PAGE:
To understand what’s going on, it’s helpful to know what these categories meant in first century Palestine. Tax collectors were not employees of the IRS. There were no payroll deductions, tax tables, and 1040 forms. Instead, Rome determined what each province or administrative district needed to submit; the let the tax collecting contracts out to bid, and sold them to the highest bidder. In turn, the tax collector might further subcontract the work. You weren’t paid by the Roman administration. Rather, you made money by extracting more from the people whose taxes you were collecting than you needed to send up the hierarchy. As the money went up towards Rome, everyone took their cut. People were very much at the tax collector’s mercy. They were hated, especially in Palestine, where they were seen as collaborators with the Roman government.

Sinners, too, were much more than what we think of when we identify ourselves as sinners in need of God’s grace. For Luke, sinners were habitual. It wasn’t the occasional peccadillo that was in question—it was a lifestyle. We see something of that distinction when in v. 7 where Jesus says “there will be more joy in heaven over one sinner who repents, than over 99 righteous persons who need no repentance.” So these sinners with whom Jesus was hanging out were not folks like you and me, they were the most reviled, hated, despised in society, or in a way outside of society. So, too, the tax collectors.

No, if there were people like us in this little interchange with Jesus it was the Pharisees and scribes. Not that the Pharisees were “hypocrites” as we often perceive them. The scribes and the Pharisees were the ones in first-century Palestine who took their religion seriously. They volunteered at the synagogue; they studied their bibles, prayed, tried to live out their faith. They also organized the synagogues. And they complained, because Jesus didn’t hang out with them, he spent time with tax collectors and sinners.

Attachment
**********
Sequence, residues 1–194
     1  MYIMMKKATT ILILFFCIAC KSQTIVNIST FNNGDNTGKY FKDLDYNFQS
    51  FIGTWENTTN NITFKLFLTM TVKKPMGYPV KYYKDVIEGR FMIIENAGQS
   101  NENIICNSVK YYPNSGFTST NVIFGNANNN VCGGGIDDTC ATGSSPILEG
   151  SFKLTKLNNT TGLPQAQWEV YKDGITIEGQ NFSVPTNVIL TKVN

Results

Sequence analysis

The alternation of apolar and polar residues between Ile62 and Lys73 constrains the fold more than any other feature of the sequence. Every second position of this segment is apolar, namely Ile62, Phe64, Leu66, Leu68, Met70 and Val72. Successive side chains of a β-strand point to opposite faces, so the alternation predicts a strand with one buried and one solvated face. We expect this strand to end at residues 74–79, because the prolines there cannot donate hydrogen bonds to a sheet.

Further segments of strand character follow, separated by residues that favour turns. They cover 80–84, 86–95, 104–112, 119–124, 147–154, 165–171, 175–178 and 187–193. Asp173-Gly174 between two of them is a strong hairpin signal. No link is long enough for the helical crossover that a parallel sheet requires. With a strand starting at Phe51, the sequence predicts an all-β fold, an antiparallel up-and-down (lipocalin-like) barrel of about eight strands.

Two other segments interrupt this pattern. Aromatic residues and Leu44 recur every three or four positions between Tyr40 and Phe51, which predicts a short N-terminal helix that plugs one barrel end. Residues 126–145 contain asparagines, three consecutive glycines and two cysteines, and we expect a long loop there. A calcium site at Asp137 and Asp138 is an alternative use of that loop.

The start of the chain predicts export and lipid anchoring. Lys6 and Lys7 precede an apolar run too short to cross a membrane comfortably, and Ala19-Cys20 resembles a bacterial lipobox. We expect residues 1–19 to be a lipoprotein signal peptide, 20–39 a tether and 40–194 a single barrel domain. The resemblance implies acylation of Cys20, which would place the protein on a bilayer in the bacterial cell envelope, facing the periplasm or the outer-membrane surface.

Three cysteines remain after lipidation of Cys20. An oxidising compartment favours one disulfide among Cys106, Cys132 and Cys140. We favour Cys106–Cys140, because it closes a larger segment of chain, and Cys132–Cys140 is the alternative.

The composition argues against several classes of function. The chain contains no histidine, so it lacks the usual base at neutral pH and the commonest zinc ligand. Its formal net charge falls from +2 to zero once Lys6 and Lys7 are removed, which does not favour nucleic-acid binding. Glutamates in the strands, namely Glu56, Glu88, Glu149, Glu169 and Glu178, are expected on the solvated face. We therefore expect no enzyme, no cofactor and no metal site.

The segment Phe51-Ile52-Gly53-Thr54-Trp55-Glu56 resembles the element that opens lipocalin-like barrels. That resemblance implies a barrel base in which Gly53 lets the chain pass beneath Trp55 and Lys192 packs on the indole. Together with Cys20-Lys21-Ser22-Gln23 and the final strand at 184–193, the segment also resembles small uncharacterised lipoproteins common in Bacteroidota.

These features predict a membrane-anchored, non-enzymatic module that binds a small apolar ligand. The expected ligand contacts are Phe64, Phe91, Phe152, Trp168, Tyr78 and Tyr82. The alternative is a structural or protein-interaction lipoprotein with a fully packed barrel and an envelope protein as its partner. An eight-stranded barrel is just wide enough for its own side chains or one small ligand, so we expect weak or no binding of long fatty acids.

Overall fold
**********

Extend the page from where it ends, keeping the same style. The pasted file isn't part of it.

That brings us to the parables. The Pharisees and scribes were grumbling about Jesus’ outrageous behavior and in response he tells them two stories. To get what these parables are about you have to shift your focus. We are inclined to put ourselves in the story—as the sheep or the coin that was lost. But that’s exactly the wrong place to begin. Instead, we need to begin with Jesus’ question to the scribes and Pharisees: “Which one of you, having a hundred sheep and losing one of them, does not leave the ninety-nine in the wilderness and go after the one that is lost until he finds it?” Which one of you would do that? None of us would. We would do a cost/benefit analysis and cut our losses, leaving the one to die while making sure the 99 were safe.

And the second story—about the coin? We can imagine losing something precious and search diligently for it, high and low, systematically.

The parable describes in great detail the woman’s actions, she lights a lamp, sweeps the floor. The narrative almost stops for a moment, heightening tension, so that the discovery becomes even more dramatic. But then what happens? She throws a party, invites her friends, spends what, as much or double the worth of the coin she had lost? We can see ourselves searching for something, but throwing a party, and throwing what we found away in rejoicing? Who of us would do that?

Two people behaving completely unexpectedly, in ways that make utterly no sense by any rational analysis. They were so overjoyed by the finding that it’s almost as if they lost their bearings. Nothing else mattered but that joy, and offering others the opportunity to share in that joy.

It’s clear that Luke wants us to see the point of the story to be God’s extravagant joy in welcoming a repentant sinner. So be it. No doubt it fills us with love and gratitude toward God to imagine ourselves welcomed in such a way. But how do we respond? Do we show forth our gratitude as extravagantly as God shows forth God’s love? Is our joy so great that we show it by sharing it as lavishly as the shepherd or the woman shared their joy?

On this day, when we remember the victims of violence, terror, and war, when we acknowledge and lament our ongoing state of emergency and unending war, let us also remember our God who loves us and the world, a God who rejoices at our repentance and the repentance of all sinners. Let us also rejoice and be grateful. Let us live in and create, a state of joy.